Joint List Aims to Topple Netanyahu, Likud
Joint List chairman Ayman Odeh casts his ballot on March 2 accompanied by one of his children. (Ahmad Gharabli/AFP via Getty Images)

Joint List Aims to Topple Netanyahu, Likud

Palestinian experts say Arab participation in election will ‘protect their existence and rights in Israel’

Arab communities, which account for about 20% of Israel’s population, were expected to see heavy participation in Monday’s snap election, the third in less than a year.

Arab legislators campaigned tirelessly in an effort to raise their representation in the Knesset in order to help topple Prime Minister Binyamin Netanyahu and his Likud party.

The Joint List, an alliance of four Arab parties that holds 13 of the 120 seats in the outgoing Knesset, believes that if it can raise its representation to 15 or even 16 seats, it will have a significant influence on Israeli politics.

“The more Arabs who vote, the greater their participation in the Knesset will be. We need every vote today, as each one is important in reaching 16 seats,” Aida Touma-Suleiman, a Joint List lawmaker, told The Media Line.

Arab participation was very important in helping the Joint List put an end to Netanyahu’s chances of forming the next government, she added.

“Today, history will record how the remaining Palestinian minority in Israel managed to end the political life of Netanyahu,” Touma-Suleiman prophesized. “The enthusiasm of the people is great.”

Dalal Iriqat, a leading Palestinian academic and columnist for the Al Quds newspaper, told The Media Line that if all of Israel’s Arab citizens were to vote for the Joint List, it would wield far more power.

“Today, if every Arab and Palestinian exercises their right to vote, it could take the Joint List to 26 seats, and this would change the political situation,” she said.

Iriqat believes that if the alliance succeeds in winning sufficient representation, the leaders of Zionist parties trying to assemble a government will have to reach an agreement with it.

“I think everyone should go and vote because increasing the number of the Arab Joint List’s seats is the only thing that is going to change Israeli politics and the Arab situation there,” she said. “Strategic thinking that guarantees change depends on the behavior of the Arab voter.”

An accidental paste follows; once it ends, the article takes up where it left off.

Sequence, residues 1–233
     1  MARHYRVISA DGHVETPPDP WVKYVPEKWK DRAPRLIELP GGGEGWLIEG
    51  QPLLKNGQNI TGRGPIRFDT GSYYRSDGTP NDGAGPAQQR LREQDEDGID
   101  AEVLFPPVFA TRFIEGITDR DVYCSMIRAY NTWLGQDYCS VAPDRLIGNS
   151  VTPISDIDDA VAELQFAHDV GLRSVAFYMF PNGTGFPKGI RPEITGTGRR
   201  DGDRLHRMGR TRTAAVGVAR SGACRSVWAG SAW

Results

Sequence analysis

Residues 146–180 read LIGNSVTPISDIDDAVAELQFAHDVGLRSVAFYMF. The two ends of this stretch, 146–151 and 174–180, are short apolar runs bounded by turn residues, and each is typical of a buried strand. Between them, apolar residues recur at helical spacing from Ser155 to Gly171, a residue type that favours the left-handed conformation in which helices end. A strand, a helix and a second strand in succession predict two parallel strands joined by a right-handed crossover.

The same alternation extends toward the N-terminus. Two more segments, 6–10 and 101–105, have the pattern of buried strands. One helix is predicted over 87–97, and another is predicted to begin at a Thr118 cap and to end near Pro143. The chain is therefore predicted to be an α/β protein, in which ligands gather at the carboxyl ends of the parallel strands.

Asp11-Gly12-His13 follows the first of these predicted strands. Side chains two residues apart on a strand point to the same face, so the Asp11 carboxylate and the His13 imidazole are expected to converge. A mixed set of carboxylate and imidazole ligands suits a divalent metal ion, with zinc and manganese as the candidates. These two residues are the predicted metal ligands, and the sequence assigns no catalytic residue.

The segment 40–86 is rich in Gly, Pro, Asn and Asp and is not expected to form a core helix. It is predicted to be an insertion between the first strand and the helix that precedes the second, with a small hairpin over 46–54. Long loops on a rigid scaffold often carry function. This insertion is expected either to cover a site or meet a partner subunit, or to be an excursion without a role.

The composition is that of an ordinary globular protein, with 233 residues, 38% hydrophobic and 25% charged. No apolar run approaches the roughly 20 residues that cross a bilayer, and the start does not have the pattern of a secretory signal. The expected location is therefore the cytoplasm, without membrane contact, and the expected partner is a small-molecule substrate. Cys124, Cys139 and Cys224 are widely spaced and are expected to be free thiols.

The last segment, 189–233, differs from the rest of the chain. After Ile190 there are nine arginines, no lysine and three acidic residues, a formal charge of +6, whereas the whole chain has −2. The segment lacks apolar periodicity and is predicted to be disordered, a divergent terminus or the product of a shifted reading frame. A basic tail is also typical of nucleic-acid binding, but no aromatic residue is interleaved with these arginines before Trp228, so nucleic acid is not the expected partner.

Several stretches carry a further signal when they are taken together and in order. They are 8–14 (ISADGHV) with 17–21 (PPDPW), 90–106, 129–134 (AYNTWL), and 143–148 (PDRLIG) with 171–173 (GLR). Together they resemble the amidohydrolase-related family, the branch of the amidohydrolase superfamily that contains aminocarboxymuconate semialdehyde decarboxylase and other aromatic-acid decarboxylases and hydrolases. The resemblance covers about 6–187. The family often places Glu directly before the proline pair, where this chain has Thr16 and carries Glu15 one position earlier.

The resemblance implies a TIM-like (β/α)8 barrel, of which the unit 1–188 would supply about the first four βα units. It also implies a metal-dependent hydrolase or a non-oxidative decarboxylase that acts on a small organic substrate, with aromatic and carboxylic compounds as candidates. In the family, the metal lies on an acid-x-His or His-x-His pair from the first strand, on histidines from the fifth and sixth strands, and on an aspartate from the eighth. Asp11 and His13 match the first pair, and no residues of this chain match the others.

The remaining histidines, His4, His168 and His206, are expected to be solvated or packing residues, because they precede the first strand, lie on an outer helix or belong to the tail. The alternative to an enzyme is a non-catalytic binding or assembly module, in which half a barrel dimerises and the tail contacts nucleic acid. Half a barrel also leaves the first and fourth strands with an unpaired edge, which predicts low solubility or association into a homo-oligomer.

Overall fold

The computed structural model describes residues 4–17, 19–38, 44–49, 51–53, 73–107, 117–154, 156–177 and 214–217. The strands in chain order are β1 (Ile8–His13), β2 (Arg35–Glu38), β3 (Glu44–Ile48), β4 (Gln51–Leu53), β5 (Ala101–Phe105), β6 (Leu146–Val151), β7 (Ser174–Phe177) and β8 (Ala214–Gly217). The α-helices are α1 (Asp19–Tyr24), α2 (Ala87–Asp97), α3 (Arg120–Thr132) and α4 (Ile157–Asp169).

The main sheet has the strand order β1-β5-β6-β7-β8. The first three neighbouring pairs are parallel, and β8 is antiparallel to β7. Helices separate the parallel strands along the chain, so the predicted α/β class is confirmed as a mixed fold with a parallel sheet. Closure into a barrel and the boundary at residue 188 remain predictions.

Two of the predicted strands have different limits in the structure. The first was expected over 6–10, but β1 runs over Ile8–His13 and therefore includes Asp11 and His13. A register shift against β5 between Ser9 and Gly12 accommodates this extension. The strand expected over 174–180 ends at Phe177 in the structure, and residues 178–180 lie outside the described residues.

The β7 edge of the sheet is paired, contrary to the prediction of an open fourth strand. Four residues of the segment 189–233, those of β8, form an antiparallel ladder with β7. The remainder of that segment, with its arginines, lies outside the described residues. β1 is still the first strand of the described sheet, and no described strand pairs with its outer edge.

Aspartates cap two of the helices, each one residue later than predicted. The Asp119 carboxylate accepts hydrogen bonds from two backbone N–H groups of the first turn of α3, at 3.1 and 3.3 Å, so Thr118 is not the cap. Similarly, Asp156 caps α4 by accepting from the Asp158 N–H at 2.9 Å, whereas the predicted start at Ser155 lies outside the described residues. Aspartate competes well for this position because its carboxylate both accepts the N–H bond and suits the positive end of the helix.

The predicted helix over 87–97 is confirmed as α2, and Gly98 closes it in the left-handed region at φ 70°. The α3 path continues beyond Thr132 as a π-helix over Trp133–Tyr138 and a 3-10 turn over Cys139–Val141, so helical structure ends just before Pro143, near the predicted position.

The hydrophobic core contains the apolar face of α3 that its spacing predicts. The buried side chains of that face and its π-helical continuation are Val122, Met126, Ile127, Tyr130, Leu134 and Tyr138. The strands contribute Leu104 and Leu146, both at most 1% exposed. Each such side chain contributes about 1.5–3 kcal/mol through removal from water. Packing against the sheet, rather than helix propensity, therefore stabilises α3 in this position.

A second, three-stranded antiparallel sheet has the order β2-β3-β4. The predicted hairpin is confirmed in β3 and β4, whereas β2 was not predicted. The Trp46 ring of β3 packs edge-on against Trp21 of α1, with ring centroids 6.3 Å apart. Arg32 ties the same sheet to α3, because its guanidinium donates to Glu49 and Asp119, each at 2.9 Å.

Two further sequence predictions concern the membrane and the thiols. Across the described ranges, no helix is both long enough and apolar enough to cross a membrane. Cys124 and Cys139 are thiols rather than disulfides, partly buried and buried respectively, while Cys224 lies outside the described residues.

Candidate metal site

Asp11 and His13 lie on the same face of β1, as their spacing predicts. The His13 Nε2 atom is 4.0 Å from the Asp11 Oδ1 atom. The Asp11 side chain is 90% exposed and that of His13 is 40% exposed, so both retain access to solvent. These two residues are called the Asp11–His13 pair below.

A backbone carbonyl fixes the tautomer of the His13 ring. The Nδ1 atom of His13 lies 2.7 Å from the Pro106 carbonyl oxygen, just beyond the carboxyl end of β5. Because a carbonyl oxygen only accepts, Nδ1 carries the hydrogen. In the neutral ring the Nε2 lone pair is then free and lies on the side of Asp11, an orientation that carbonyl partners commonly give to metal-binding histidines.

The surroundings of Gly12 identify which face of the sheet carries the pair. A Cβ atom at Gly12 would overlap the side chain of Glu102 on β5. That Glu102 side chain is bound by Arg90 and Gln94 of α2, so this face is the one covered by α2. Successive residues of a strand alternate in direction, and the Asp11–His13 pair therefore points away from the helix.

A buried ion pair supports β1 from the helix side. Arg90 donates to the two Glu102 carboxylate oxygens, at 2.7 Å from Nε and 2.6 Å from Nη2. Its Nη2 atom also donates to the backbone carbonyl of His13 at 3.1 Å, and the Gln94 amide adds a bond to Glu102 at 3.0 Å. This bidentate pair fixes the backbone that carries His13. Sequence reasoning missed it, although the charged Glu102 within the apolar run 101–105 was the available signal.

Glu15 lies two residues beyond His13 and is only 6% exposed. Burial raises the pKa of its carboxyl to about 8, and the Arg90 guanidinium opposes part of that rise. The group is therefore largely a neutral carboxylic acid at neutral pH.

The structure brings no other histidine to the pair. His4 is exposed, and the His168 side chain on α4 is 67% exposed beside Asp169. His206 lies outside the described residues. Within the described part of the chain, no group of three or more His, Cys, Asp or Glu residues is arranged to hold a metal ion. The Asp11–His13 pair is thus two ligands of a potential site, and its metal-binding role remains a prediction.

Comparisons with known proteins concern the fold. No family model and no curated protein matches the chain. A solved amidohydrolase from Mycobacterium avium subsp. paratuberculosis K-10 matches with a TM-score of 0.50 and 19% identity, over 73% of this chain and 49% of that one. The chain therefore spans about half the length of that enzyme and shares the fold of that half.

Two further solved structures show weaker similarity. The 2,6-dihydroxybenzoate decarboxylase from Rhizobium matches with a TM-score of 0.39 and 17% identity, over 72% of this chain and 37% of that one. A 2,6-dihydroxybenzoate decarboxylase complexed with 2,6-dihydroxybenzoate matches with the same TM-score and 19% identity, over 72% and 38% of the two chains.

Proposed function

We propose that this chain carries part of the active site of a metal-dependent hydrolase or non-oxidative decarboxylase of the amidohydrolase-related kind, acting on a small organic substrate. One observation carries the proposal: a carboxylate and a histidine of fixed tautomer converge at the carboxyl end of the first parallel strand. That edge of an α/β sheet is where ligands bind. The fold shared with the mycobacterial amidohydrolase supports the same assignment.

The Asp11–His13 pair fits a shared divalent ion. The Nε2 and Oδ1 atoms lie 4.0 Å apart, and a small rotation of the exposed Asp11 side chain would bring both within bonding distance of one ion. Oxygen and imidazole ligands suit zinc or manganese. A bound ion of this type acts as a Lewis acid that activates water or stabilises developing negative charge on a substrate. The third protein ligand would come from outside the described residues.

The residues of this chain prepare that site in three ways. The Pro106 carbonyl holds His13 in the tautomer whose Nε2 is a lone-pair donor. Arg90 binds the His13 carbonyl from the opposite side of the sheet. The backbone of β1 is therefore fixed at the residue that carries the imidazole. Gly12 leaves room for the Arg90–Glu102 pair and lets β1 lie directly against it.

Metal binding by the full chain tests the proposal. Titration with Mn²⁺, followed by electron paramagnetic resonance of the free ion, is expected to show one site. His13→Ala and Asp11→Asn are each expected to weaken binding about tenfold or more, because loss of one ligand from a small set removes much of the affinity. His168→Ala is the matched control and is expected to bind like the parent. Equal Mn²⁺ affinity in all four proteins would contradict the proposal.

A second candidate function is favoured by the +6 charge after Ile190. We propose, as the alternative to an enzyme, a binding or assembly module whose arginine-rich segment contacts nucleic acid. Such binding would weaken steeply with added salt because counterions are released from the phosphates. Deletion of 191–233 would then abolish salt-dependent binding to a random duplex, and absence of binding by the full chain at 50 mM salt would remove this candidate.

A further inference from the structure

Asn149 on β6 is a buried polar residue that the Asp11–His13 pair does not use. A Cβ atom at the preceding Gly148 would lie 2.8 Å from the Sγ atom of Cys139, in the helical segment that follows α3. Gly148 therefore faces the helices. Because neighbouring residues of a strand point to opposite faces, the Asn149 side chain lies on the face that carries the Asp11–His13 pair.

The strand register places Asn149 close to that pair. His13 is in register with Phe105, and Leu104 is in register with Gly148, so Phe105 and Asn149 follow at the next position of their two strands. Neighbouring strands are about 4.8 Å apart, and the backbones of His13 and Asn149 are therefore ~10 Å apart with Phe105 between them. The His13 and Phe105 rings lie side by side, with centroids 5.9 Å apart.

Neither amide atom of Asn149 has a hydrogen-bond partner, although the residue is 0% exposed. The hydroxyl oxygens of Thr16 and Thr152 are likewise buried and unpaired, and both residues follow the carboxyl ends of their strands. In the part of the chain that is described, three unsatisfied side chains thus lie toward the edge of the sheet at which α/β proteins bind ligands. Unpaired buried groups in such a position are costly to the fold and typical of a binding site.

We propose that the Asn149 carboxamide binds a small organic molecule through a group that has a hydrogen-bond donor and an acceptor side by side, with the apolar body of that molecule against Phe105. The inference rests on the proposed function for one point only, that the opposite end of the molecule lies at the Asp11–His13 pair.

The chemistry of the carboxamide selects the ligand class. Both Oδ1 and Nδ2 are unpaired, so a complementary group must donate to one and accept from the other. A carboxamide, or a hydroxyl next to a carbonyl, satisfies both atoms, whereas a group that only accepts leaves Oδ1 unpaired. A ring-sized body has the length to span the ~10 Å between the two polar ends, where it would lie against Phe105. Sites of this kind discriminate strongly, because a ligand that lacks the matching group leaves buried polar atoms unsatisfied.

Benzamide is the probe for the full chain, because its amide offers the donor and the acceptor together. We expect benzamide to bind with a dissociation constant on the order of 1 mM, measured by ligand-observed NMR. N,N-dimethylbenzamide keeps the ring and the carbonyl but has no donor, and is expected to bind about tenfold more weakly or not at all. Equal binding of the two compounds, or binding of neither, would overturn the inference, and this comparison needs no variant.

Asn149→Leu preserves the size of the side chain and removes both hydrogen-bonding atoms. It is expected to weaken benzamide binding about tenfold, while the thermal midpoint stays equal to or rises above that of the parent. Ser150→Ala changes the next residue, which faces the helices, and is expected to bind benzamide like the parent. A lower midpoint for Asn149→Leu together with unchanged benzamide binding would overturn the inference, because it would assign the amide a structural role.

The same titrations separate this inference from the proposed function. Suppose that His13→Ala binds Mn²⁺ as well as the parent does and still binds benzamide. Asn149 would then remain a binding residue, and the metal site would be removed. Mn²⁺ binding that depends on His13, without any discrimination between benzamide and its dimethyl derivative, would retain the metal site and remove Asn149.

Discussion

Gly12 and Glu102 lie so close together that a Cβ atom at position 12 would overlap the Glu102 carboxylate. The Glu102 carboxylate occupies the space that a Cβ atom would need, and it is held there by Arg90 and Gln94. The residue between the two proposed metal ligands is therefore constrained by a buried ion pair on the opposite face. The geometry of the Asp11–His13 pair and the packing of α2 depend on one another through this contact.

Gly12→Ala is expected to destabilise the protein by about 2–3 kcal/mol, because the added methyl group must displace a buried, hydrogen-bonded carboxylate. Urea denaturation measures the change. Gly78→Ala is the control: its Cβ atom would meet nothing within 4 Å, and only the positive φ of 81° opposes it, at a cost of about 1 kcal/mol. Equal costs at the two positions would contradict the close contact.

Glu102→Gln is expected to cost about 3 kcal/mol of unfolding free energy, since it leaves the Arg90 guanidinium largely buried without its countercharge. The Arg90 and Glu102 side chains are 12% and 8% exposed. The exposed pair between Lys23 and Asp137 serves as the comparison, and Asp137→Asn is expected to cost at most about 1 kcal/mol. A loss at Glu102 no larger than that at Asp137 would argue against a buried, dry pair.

Ghassan Toubasi, a Palestinian writer and political analyst, told The Media Line that Arabs needed to unite, as the Palestinian issue has been absent from the agenda of every Zionist party.

“It’s expected that 70,000 moderate Jews are going to vote for the Joint List, according to the Haaretz newspaper, because it included the Palestinian issue in its program,” he noted.

Toubasi says the only way for Arabs to prevent Israeli laws from discriminating against Palestinians is through representation in the Knesset.

“Israeli society is undergoing a process of radicalization, especially given [US President Donald] Trump’s support, which has made Israelis feel they are above every other nation in the region,” he said.

“The Joint List wants to win 15-16 seats, not to help [form] a government, but to prevent Netanyahu and his party from doing so after they [and their allies] don’t win the 61 seats” they need for a majority, he added.

Observers have noted increased electoral enthusiasm in Israel’s Arab communities because the Trump Administration’s peace plan, released on January 28, says the so-called Triangle area, a complex of Arab towns and villages adjacent to the Green Line, might become part of the future independent Palestinian state. Arab-Israelis in the area consider the proposal an attempt to strip them of their lands.

Hanan Ashrawi, a member of the Executive Committee of the Palestine Liberation Organization (PLO), told The Media Line that in addition to the “so-called American peace plan,” several other things could increase Arab voter turnout.

“Chief among these factors is the desire to respond to the [Israeli] attempts to define Arabs racially, and to respond to the human engineering of ethnic cleansing against them,” Ashrawi said. “The Palestinian element [in Israel] is treated as a commodity; this constitutes a great provocation.”

She cites Netanyahu and “his hatred and racism, which have become hugely obvious. There is no longer a place for public discourse about dealing with the Palestinian minority, but rather about how to exclude them, neutralize them and position them as enemies.”

Moeen al-Hilu, a Gaza-based journalist for Palestine Television and an analyst of Israeli politics, told The Media Line that Arab participation in the Israeli election was of great importance in preserving their existence in Israel.

“What’s being suggested by the Israeli Right is to delegitimize them and ‘Judaize’ the state. Consequently, every Palestinian Arab vote matters,” he said.

The Joint List, he added, “could have an impact in preventing wars and military operations against Palestinians in Gaza and the West Bank.”

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